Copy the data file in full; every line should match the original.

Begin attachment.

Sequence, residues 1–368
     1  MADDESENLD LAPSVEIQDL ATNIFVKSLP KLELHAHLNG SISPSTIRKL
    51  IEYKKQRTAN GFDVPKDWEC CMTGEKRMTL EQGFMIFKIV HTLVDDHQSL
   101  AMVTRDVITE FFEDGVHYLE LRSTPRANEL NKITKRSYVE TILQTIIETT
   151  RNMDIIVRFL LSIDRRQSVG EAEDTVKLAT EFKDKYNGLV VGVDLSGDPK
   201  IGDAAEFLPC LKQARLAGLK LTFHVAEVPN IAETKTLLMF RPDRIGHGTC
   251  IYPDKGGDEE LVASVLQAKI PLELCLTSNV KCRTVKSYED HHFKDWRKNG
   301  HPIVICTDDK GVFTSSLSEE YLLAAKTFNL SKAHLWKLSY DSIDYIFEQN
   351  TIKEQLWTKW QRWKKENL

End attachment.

Sequence, residues 1–368
     1  MADDESENLD LAPSVEIQDL ATNIFVKSLP KLELHAHLNG SISPSTIRKL
    51  IEYKKQRTAN GFDVPKDWEC CMTGEKRMTL EQGFMIFKIV HTLVDDHQSL
   101  AMVTRDVITE FFEDGVHYLE LRSTPRANEL NKITKRSYVE TILQTIIETT
   151  RNMDIIVRFL LSIDRRQSVG EAEDTVKLAT EFKDKYNGLV VGVDLSGDPK
   201  IGDAAEFLPC LKQARLAGLK LTFHVAEVPN IAETKTLLMF RPDRIGHGTC
   251  IYPDKGGDEE LVASVLQAKI PLELCLTSNV KCRTVKSYED HHFKDWRKNG
   301  HPIVICTDDK GVFTSSLSEE YLLAAKTFNL SKAHLWKLSY DSIDYIFEQN
   351  TIKEQLWTKW QRWKKENL